ChromeOS is a bit of a favourite amongst many of the writers at Ausdroid, and as a result, Chromebooks are also something we are very interested in. With Android Apps launching in beta on select Chromebooks it won‘t be long until everyone can enjoy their favourite Android apps running natively on their ChromeOS devices, and that has us even more intrigued.

There is, however, a disconnect, ChromeOS is predominantly built as a mouse and keyboard device and Android is touch first. That’s not to mean one doesn’t work with touch and the other with a mouse and keyboard just that the user experience has been optimised for one over the other on each platform.

The solution for Chromebooks? A touchscreen of course. Enter the Lenovo ThinkPad Yoga 11e Gen 3 Chromebook, now that’s a name. The ThinkPad Yoga 11e is primarily focused on the ‘student’ market, between it’s smaller (although not ‘lighter’) form factor, Milspec construction and long battery life (thus the weight) it’s one mean piece of hardware.

Let’s face it when it comes to building laptops, regardless of the OS, Lenovo knows their stuff. Some of their designs may be a little utilitarian but at the same time have an unmistakenly “Lenovo” look, especially the ThinkPad range with its almost iconic design language, pedigree and build quality.

The question is how does a ruggedised, touch screen, ThinkPad running ChromeOS feel? Read on to find out.

ThinkPad Yoga 11e Hardware

The Lenovo ThinkPad Yoga 11e Gen 3 Chromebook, we’re going to call it the Yoga 11e from here on out, is an 11.6” ruggedised Chromebook with a HD touchscreen featuring a 360 degree (ish) hinge. The hinge allows the Yoga 11e to be used in laptop, flattop, display, or tablet mode.

The device weighs in at a hefty 1.5 KG, a function of both its military specification (rugged) design and large 42Wh battery capacity. At only 300 x 210 x 22.3 mm in size it’s smaller than an A4 piece of paper in length and width and easily fits in most smaller laptop or carry bags.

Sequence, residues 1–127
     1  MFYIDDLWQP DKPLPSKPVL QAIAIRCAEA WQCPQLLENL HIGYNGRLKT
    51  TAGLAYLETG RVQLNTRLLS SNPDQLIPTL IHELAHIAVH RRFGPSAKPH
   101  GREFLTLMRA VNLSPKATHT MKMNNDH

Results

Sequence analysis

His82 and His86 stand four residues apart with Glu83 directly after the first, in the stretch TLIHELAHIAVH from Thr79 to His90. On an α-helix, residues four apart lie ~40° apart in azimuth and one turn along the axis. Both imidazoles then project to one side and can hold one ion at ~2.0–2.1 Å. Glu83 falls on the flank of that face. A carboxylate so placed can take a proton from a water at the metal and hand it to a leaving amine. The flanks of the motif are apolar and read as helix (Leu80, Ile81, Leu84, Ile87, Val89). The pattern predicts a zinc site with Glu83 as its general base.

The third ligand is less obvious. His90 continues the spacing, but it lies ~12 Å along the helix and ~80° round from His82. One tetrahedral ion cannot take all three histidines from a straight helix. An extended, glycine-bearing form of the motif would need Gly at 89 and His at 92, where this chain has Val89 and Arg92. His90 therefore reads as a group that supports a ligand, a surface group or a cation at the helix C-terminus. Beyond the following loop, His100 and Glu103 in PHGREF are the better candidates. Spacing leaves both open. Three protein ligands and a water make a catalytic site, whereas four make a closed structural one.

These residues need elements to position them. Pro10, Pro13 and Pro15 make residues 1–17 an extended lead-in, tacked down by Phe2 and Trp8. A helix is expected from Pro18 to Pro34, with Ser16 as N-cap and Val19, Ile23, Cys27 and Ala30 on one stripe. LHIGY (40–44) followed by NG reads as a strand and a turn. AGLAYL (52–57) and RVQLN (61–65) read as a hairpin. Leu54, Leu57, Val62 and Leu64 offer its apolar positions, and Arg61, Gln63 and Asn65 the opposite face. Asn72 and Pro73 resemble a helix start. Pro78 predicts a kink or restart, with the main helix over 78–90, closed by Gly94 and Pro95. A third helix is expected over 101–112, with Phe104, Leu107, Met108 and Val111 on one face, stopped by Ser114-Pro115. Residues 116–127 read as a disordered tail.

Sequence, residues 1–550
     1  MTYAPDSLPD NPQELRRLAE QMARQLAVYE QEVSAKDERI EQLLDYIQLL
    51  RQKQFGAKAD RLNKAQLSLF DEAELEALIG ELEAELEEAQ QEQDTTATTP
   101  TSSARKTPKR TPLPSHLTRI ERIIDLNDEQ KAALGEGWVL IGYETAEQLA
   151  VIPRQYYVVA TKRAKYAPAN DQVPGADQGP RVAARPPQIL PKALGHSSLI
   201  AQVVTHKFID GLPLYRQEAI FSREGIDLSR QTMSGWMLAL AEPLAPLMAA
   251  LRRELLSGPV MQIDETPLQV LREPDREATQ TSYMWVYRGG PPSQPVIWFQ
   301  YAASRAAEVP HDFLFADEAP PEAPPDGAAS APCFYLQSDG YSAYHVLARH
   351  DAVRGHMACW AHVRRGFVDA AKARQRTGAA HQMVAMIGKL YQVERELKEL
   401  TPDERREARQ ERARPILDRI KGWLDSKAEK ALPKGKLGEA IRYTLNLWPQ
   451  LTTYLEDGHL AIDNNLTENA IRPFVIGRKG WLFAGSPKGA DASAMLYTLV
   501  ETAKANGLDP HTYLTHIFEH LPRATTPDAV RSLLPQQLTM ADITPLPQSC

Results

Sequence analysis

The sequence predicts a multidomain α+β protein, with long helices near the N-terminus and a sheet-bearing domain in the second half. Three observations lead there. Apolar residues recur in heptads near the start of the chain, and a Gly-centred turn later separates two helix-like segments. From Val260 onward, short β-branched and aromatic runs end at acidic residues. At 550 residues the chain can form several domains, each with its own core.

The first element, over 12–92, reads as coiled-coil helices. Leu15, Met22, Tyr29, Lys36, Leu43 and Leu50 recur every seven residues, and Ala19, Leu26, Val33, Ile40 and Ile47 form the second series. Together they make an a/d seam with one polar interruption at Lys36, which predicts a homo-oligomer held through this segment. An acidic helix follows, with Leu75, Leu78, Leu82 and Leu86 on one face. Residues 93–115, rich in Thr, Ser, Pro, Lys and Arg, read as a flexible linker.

This is not a metal laptop, no, it’s unashamedly sturdy plastic, finished with the familiar ThinkPad dimpled black rough finish offset by a smooth sparkled top panel. The iconic ThinkPad logo is emblazoned in its rightful place on the front right of both the device and the keyboard. In a little flourish of coolness, the dot on both (inside and out) i’s is a LED that glows Lenovo red when the device is powered on, a needless touch that somehow felt more than it is.

Keyboard & Trackpad

The keyboard is solid if a little “clicky” and loud. My nighttime typing is tolerated at best at home, and the number of unfavourable sideways glances I got while using the Yoga 11e’s keyboard was far more than usual. I actually liked the reassuring clickiness of the keyboard, I think my wife was not a fan of the noise.

That said it gave a surprisingly good type for such a small keyboard, I am not small by any measure and would prefer a full sized keyboard, however, I have typed out much of this review on the 11e’s keyboard and found it as fast and accurate as any other.

The trackpad is a different storey. The actual responsiveness of the trackpad movement and clicking is great. However, Lenovo (or perhaps ChromeOS) needs some serious palm rejection or the ability to toggle off the trackpad.

I normally use my Chromebook with a Logitech MX Master Bluetooth mouse so I had no need for the trackpad. If I got $1 for each time the cursor jumped from an unintended tap I’d be able to buy a few of this Yoga 11e’s for myself( Which I’d be tempted to do).


The display was a little washed out compared to all of my other displays (PC’s laptops, Chromebooks). I wondered if this is a result of the touch layer, the HD (1366×768) resolution on an 11.6″ display or simply the part Lenovo chose. If the device had a weak point, this would be it. That said I quickly adapted to it and it wasn’t a serious detractor to the overall experience.